What could make ATF to look mud-like or chocolate brown?
Automatic transmissions are very delicate part of automobiles. They ought to be handled with care and owner or users ought to have a good level of maintenance culture.
One of the practices that kill automatic transmissions is the use of incompatible automatic transmission fluid in the transmission of a hybrid car.
Automatic transmission fluids transform in different ways depending on the cause, ranging from age, overuse, water intrusion into the transmission, transmission overheat, clutch wear, incorrect fluid and so on. ..
The one we shall discuss here is quite uncommon and that is automatic transmission fluid looking like chocolate or mud.
We are going to be using a case study; a 2010 model Toyota camry hybrid.
Before we assessed this vehicle, the code that the vehicle was diagnosed to have was P0A94 DC/DC converter performance.
Below were the repairs that were attempted on the car by a previous mechanic:
- The traction battery (high voltage battery) was replaced
- The Inverter/Converter assembly was replaced.
Unfortunately, non of the above two actions fixed the problem.
When the car was towed to us for diagnosis and fix, we checked the Inverter/Converter assembly, the wiring and connectors and the high voltage battery but all were good
We then decided to check the fluid in the automatic transmission and behold, it looked exactly like a chocolate or watery mud.
We began to investigate the root cause of that and after interrogating owner, we discovered that a dexron III ATF was put in the hybrid car's eCVT (electronic Continuous Variable Transmission)! That sounds amazing because the fluid of that transmission is a special type because of the electric coils of the motors/generators in the transmission. This oil is special in the sense that it does not create electrical short circuit or electrical conduction path due to its own conduction.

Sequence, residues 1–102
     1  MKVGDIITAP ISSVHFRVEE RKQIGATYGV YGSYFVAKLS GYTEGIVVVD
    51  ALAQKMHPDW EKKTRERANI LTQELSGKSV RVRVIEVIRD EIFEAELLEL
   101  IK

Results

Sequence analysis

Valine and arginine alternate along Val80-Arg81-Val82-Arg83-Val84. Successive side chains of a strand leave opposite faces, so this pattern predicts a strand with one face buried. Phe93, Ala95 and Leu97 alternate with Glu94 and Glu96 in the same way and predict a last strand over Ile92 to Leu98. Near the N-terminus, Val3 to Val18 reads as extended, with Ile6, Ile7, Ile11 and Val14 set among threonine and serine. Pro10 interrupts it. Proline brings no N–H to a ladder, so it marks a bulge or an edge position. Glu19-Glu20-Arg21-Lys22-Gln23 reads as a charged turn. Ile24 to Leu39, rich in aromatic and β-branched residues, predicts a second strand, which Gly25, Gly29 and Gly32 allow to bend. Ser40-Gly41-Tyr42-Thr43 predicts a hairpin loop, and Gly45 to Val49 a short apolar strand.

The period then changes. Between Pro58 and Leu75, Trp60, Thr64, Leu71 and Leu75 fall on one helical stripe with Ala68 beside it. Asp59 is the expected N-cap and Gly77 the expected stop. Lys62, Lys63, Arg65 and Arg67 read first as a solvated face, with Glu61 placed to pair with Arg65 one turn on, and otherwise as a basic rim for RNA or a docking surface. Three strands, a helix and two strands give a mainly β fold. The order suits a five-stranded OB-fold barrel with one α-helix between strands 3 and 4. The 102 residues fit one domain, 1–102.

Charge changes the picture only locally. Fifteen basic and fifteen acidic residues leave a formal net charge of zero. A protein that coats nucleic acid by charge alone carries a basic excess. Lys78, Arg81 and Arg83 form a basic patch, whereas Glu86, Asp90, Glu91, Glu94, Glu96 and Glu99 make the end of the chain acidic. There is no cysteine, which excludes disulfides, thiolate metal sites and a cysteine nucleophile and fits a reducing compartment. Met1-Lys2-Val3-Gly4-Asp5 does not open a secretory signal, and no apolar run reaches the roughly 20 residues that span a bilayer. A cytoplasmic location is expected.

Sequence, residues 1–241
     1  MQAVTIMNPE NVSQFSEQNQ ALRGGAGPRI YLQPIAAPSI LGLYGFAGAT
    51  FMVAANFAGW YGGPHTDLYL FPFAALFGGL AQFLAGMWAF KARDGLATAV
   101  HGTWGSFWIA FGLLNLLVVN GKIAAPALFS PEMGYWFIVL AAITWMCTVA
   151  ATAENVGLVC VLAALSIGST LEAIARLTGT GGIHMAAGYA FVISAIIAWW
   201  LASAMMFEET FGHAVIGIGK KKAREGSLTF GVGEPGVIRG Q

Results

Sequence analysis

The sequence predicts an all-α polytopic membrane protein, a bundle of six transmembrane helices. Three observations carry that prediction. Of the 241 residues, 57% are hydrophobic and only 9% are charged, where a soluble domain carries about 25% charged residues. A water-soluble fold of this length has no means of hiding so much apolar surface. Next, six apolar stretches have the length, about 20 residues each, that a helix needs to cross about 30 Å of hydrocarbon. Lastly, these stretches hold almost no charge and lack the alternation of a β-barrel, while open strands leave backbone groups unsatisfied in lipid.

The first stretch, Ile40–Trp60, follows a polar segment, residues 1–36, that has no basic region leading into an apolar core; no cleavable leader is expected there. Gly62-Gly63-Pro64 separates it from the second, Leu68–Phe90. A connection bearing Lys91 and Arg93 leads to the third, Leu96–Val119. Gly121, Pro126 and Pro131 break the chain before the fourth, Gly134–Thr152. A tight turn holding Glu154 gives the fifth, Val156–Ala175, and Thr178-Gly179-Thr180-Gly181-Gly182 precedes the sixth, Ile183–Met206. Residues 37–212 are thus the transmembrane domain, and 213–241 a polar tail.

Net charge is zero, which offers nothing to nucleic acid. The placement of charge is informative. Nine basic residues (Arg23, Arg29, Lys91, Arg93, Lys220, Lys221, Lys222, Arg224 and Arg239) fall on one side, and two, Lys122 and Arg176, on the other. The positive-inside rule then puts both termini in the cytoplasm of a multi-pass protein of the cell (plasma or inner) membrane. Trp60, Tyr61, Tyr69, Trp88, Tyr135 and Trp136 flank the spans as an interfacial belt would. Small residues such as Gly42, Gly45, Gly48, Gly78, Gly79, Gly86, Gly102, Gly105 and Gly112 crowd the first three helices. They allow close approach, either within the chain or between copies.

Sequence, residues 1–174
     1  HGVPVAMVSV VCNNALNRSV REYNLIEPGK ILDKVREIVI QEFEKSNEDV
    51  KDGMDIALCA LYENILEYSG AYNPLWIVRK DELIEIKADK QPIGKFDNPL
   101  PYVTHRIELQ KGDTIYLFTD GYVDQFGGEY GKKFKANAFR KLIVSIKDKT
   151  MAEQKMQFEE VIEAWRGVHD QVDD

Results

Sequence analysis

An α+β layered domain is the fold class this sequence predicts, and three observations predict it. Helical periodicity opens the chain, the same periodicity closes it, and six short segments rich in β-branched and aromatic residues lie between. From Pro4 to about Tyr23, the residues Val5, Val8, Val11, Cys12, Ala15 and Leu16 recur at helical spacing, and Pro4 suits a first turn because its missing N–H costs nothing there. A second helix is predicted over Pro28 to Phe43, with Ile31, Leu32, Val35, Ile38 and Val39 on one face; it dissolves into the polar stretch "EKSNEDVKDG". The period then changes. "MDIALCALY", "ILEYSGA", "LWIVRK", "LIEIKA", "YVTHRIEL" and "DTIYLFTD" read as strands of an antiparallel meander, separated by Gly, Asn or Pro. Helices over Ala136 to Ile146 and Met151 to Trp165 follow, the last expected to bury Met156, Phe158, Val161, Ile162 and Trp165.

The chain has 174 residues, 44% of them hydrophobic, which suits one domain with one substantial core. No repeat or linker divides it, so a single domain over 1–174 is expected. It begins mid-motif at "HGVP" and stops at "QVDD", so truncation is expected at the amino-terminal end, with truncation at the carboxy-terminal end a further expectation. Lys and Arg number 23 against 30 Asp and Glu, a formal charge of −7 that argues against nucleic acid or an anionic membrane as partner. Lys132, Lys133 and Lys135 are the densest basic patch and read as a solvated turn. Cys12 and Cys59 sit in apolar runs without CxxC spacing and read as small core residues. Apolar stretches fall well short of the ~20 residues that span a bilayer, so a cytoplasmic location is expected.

Another fault we discovered during troubleshooting is ineffective cooling of the engine and transmission, though the owner didn't notice this. The cooling fan was no longer firm on the shaft of the electric motor hence the fan itself could not spin as fast as the electric motor. This worsened the situation of the transmission that already had a bad Automatic transmission fluid in it. This is because the transmission and the transmission fluid overheated.
Unfortunately that transmission had to be replaced to fix the problem because the problem was not detected for a long time by previous mechanics.
I forgot to say that the car could actually start and drive but after a very short distance, it was shutting down with P0A94 DC/DC converter performance code. It was shutting down because the high voltage battery was not charging.
Another thing that could cause this color change is water getting into the transmission. This is similar to coolant mixing with engine oil.
It is a must to use the recommended transmission fluid in a hybrid car hence, the transmission would be destroyed after a short time.